From the ground people gathering could see a dust-covered figure struggling to crawl from a hole high on the side of a building. The person finally fell from the building and went into the ground. When people approached the hole they could hear Norman yelling for help. When fire crews arrived and lowered a camera into the hole it was already too deep, but they could still hear his screams.

Dusk of life in the dimming light of motivation

I don't see beauty anymore. I was once a photographer and graphic designer. I realized this when I was watching the film Chasing Ice. The photographer featured in the film was marveling at the beauty of his subjects. I realized that I once marveled at the same subjects, but no more. It reminded me how my digital photography became more problematic, with blurring, ISO settings issues, exposure problems, flash problems, etc. I was gradually putting less and less thought into my projects, and they suffered.

[ at this point I was going to rant about how miserable my life was, but then something dawned.]

It's simple conditioning really. If you don't get a reward for doing something, you stop doing it. I wasn't getting a reward because I was expecting the reward from certain individuals. I allowed myself to be demotivated by those people and it gave them a sense of superiority over me. I fell for it. They won.

When you do something to try to impress certain people, it will feel like a failure. If what you love to do does not impress certain people and they make you feel like your effort is a waste of time, then you should immediately find new people who will be impressed by what you do, and keep doing what you love.

There may be people who are impressed by what you do, but you don't value their opinions because they stand in the shadow of the people you are trying to impress. It turns out that people with larger shadows made their shadows larger through acts of malevolence. Those people are not worth your time. They are passive-aggressive in that they choose certain words to describe your efforts in a dimmer light than theirs. My mother once described my efforts to sell funny postcards I created with Adobe Photoshop as "peddling."

You Only Get One

There are those close calls and strange situations we call miraculous or extremely lucky. I came within six feet of getting struck by lightning three times in my life. The last one was so close I could see the lightning traveling along the cable behind the half-inch stained pine paneling. It glowed a bright orange through the wall as it reached into my TV, VCR and computer. It left me deaf in my right ear for about six hours. A tornado came north through the alley nearly a block from the very same house, a different storm that same year.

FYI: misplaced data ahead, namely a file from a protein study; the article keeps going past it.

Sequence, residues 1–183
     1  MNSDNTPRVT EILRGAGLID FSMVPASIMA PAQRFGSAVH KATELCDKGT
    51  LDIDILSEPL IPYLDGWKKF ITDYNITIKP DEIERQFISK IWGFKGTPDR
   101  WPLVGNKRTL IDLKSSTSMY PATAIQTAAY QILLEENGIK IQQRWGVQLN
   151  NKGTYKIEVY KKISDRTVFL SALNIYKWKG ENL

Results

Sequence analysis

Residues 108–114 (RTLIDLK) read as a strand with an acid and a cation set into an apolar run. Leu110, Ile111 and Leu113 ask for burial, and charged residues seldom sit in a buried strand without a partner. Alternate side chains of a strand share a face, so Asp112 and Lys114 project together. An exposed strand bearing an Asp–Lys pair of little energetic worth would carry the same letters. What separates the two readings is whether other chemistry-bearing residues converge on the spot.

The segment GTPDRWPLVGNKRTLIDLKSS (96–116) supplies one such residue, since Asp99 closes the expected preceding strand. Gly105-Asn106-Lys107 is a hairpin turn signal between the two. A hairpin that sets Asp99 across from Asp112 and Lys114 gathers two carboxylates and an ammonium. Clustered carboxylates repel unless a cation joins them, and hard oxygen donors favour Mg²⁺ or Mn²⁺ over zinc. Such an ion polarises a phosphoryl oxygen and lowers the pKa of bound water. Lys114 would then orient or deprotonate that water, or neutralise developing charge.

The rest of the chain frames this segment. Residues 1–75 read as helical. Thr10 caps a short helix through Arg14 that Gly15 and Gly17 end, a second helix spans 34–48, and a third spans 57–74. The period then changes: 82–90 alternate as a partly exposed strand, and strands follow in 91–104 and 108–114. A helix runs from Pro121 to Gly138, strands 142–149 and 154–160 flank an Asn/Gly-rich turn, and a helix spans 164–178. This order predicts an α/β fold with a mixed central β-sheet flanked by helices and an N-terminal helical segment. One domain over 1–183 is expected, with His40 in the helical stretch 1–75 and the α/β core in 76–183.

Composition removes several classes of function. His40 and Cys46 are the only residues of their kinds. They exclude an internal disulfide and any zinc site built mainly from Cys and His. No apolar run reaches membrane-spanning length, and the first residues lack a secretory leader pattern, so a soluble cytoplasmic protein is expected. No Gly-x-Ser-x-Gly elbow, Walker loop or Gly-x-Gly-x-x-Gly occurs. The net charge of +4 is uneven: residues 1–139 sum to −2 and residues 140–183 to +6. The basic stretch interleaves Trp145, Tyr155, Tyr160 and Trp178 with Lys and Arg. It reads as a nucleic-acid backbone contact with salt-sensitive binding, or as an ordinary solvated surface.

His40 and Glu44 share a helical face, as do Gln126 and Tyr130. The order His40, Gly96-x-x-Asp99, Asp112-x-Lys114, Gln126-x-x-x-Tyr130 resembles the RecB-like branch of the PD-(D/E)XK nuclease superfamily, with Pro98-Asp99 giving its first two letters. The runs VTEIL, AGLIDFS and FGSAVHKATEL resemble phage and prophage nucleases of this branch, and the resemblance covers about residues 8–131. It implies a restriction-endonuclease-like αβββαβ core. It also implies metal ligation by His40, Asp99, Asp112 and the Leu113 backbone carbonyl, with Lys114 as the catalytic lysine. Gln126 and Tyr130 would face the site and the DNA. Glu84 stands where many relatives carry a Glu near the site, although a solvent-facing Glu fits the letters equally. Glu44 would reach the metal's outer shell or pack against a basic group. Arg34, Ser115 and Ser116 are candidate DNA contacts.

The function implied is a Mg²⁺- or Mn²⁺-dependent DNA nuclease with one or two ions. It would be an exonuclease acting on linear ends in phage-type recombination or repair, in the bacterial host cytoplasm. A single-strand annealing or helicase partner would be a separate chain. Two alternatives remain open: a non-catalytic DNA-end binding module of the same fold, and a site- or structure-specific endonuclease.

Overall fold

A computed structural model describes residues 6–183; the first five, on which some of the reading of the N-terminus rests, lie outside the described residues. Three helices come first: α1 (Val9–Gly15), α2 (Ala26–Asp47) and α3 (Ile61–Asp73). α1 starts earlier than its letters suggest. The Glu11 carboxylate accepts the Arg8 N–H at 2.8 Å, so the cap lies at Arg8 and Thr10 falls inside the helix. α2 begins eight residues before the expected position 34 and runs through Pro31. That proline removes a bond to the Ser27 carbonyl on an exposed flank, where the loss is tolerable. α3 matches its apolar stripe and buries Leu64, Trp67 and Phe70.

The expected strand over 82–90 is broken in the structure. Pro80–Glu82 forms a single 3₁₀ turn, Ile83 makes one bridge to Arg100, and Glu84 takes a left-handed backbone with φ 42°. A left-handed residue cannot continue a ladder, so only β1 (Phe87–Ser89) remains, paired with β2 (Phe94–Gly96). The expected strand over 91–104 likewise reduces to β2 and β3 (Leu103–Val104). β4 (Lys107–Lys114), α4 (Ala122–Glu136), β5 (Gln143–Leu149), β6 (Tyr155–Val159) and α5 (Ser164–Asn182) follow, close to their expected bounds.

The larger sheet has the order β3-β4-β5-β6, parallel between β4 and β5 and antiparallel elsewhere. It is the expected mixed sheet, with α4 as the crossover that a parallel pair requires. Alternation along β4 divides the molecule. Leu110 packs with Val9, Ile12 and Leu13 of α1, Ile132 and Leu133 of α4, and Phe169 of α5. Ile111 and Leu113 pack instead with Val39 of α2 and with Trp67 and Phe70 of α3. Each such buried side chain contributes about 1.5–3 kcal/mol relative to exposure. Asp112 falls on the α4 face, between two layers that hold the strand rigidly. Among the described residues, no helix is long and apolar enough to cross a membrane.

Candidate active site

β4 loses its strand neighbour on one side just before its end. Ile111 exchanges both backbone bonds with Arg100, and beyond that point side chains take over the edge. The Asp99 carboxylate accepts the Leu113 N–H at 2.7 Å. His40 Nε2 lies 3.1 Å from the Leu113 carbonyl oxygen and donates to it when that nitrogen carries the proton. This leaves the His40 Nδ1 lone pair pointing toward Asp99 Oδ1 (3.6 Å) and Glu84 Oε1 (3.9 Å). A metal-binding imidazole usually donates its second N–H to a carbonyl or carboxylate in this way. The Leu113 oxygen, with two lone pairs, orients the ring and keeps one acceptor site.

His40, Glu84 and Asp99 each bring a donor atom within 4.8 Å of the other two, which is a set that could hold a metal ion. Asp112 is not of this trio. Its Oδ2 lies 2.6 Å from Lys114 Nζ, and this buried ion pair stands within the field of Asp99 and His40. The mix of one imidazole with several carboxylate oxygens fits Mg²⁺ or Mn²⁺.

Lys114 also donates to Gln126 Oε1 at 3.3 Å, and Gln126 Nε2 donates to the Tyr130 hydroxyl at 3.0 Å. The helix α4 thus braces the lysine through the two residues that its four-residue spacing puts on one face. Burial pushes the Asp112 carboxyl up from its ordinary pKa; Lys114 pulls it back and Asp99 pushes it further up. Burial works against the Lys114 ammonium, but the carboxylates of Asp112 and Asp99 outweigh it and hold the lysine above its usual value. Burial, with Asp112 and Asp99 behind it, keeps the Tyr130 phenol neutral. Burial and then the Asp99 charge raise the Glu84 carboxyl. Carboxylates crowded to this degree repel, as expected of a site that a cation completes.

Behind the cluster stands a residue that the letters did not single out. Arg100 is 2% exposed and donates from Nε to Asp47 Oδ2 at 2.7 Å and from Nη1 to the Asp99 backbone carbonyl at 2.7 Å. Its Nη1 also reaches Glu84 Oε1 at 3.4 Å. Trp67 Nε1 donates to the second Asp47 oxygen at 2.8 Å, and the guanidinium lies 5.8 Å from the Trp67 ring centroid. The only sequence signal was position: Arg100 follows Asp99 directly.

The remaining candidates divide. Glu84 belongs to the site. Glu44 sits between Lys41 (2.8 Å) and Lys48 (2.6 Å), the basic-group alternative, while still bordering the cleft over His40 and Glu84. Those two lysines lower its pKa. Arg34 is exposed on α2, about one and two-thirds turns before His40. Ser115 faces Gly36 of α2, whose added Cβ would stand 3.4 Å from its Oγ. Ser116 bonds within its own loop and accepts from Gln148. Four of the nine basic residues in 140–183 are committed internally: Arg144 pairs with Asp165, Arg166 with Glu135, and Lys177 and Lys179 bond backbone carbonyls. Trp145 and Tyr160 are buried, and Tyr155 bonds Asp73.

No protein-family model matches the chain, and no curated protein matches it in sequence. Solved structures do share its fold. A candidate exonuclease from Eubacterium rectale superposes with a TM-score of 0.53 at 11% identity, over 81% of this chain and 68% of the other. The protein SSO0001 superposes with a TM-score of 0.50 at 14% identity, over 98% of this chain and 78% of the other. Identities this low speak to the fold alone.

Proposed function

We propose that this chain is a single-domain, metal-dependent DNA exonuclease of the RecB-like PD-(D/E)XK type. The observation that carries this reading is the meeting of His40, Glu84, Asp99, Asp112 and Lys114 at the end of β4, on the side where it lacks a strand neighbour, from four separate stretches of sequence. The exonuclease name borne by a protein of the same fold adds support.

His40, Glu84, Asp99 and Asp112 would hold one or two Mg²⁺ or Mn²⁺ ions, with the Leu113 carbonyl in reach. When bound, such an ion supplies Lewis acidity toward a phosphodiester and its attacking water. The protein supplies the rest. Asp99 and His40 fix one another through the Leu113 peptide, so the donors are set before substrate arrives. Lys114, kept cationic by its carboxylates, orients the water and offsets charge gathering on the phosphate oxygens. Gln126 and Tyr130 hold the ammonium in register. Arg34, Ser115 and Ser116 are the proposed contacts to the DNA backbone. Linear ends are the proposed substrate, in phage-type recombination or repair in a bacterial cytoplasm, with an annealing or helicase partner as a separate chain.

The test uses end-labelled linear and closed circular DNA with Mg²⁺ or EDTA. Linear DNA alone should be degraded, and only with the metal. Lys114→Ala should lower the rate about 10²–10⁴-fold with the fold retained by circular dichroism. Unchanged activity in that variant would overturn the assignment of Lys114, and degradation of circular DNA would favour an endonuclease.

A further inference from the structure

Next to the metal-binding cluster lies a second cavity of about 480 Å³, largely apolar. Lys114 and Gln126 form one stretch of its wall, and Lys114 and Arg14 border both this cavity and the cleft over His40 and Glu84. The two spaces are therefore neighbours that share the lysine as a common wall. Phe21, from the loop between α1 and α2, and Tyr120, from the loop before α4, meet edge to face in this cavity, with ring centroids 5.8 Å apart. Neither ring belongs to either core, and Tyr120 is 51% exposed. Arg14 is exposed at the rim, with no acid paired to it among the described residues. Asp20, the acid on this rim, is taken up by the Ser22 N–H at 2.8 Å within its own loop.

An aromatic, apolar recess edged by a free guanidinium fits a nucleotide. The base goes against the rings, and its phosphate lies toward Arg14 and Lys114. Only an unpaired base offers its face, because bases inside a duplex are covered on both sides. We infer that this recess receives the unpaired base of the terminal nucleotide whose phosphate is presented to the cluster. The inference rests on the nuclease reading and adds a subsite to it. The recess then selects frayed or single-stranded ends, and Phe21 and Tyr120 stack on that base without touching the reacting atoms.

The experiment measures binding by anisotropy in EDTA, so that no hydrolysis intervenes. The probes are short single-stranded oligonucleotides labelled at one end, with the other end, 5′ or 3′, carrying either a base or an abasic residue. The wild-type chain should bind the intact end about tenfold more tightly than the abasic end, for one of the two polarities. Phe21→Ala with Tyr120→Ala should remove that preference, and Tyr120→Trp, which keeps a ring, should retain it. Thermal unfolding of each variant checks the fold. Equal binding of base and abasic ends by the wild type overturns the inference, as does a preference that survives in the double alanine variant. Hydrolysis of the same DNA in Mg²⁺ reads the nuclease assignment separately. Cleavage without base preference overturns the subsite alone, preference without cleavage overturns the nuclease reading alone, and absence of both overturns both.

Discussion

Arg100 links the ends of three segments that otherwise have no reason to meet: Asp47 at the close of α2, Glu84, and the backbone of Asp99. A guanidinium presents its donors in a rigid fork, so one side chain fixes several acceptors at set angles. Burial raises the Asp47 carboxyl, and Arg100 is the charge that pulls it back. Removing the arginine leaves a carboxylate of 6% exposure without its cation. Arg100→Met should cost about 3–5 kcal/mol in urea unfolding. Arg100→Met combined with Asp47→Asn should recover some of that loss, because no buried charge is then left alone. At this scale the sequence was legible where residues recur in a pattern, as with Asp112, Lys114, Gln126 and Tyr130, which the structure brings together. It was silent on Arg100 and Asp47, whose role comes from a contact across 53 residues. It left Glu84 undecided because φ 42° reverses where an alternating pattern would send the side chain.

Driving, for everyone there are times when you realize it was a good idea after all, to stop when the light turned yellow. If you had continued through the yellow light another vehicle pulling out of a parking lot down the street would be up your grill.

But luck is different sometimes. For me there was the one Dodgeball game where I caught a ball in each hand and a third ball between the other two. That never happened again. There was the one time I bowled a perfect game. One time when I hit three home runs at a Softball game. Back in my teen years I spent summers playing cards with my sister and friends. It took me five years of playing Hearts during the summer before I finally won a game. That was back in the early 1990s. Back in 1989 I won a $20 wristwatch at a raffle. It was the only raffle I won, out of hundreds I entered.

The point is for me, no matter how hard or frequently I practiced, I was allowed only one win. Bowling, Softball, Darts, Miniature Golf, Billiards, Tennis etc. Those scores occurred on a twisted Bell Curve that spans for me not the particular event, but my entire life.

It gets worse.

I only had one broken bone in my hand, and it didn't even require a cast, just a splint. Wait, what's so bad about that, you ask? Well it's not enough to earn me sympathy points. I don't get any extraordinary diseases or illnesses that earn any kind of sympathy. I get illnesses like Gout and Psoriasis that are highly stigmatized but not contagious (They are both genetic preconditions). I can't walk very well and it throws a wrench into my exercise plans.  I also lost my hair when I was twenty two years old and just going into the Amphibious Navy where women were very scarce. My fate as a life-long bachelor was sealed.

So my life has been in the center of mediocrity, with only flickers of exceptionality, and never deserving of exceptional sympathy. There can be no greater Hell than to be mediocre despite one's efforts.

There was one period of time during my teenage years, for about three weeks, where I was thin and fit and had skin clear of Acne. That was it.